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I'm intentionally starting a new thread, as Charles's replies this morning raised a few points that are rather important for subscribers of this mailing list to know about. At least it seems that Charles reall assumed certain things about our project that are inaccurate and in turn that makes me think many peope here may make the same assumptions. I hope this post will help, and maybe we could turn this into a page in the wiki that we could point to, from time to time.

1) "Most or the majority of developers are paid to work on LibreOffice"

Not at all, and it is quite the opposite. In rough numbers, there are about 800 people who contributed code to LibreOffice ever since the beginning, and the number is constantly increasing. On this number a very small minority are paid to work on LibreOffice, full time or only partially. They are either self employed or are paid by a company to do so. The Document Foundation does not employ anyone to code.

Still talking in rough numbers, on these 800 people there are about 120 more or less regular developers (we have more accurate figures periodically published here: ) developing LibreOffice . Among them, roughly 20 of them are paid to develop LibreOffice more or less full time. A dozen more are assumed to work on a periodic basis, with very specific focus on certain parts of the code and for a limited time only.

2) "Developers should at least test their builds"

While this may sound counterintuitive, not all of them do that, far from it, and when they do, many of them run automated tests, which is a standard practice in development these days. These automated test do include regression tests (more info here: ) Ultimately, the development process leads to a specific "sub process" called the release process. Certain criteria must be met, and they are listed here: . Obviously no process is ever perfect but we encourage everyone to join our Quality Assurance team. Only you, not the developers only, can improve LibreOffice. This is how Free Software works, and what sets us apart from more traditional vendors. Actually, there are several other, sometimes less technical ways to help:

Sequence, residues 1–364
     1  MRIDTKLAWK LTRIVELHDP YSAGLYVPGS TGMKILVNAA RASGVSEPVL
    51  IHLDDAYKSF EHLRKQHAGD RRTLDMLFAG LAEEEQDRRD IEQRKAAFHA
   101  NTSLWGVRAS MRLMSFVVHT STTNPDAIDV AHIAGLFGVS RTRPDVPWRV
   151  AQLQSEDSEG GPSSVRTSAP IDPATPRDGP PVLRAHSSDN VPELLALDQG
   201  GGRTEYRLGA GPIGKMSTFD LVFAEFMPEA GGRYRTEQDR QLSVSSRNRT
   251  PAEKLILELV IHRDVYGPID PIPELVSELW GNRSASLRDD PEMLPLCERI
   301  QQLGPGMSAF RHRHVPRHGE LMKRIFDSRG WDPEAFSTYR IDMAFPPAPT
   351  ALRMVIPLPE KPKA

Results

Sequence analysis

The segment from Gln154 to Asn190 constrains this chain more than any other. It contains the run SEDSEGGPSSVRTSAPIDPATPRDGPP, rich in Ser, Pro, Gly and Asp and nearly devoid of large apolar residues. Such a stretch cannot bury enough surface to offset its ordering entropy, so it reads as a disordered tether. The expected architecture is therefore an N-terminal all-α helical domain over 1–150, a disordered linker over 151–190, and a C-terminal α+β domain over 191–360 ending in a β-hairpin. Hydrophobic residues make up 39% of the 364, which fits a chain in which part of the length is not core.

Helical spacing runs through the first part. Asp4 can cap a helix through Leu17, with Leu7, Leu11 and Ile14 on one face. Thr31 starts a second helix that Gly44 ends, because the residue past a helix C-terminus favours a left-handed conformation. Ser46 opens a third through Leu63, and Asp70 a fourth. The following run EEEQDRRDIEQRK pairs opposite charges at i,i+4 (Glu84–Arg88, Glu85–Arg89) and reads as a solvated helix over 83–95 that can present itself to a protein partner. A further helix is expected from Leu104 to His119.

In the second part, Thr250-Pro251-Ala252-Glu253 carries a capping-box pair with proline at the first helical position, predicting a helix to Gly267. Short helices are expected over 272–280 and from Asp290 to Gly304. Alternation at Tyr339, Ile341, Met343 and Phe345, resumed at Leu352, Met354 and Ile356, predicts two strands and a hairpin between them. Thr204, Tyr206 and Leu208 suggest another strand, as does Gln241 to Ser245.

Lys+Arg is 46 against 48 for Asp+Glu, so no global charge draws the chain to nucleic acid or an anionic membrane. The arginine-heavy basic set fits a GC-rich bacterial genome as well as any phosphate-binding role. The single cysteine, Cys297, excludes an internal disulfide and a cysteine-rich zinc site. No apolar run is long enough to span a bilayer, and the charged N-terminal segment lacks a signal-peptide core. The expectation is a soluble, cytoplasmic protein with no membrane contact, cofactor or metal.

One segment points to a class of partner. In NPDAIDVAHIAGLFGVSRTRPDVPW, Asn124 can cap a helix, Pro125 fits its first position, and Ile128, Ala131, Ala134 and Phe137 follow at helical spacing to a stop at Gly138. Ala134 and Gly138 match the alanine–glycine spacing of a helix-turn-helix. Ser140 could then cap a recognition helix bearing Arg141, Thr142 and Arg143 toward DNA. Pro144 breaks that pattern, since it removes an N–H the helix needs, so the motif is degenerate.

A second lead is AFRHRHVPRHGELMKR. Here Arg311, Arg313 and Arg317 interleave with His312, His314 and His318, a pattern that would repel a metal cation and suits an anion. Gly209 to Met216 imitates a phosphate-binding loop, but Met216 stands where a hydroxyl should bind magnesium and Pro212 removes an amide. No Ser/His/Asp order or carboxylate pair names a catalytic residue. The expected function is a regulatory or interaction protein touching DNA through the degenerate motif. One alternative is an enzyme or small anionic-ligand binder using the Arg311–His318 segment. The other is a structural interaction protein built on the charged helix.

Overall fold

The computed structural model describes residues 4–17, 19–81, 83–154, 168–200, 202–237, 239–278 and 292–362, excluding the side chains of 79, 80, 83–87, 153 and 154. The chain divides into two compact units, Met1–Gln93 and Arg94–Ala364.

3) "I manage and run systems for my customers.....I am just a user"

Congratulations, you are a system administrator. But no, you are not just a user. You are a professional and while LibreOffice may not be what generates revenue for you, you are a professional distributing, installing and configuring software to your customer. As such, you must at least read our release notes. They are always on the wiki (for instance, here : ) and in an abridged version in our download section here:

4) "Patches integration have never been notified to me / We have not been warned on this list"

This is not a detailed answer. It is possible some developer did not warn the issue thread on the bug tracker - that is a mistake. However, and as a general remark, the users list is only meant for users support (watch me, I'm writing stuff and upsetting everyone). Information is spread all over the project, on mailing lists, twitter accounts, and the wiki. Some useful pointers have already been given in the points above, this page however is rather dense in its links and might be useful:

5) How can you all be volunteers? This is crazy! You'll never make it!

Maybe. Or not. It depends. We strongly suggest acquiring a license of MS Office in order to remediate to the current insanity one may be experiencing and going back to the normal world. The worrying trend here is that we're not the only ones: and are but two random examples. Maybe someone ought to call the cops.

6) Welcome to the LibreOffice project.

How are you doing? Thank you for reaching the end of this mail. We hope it helped.



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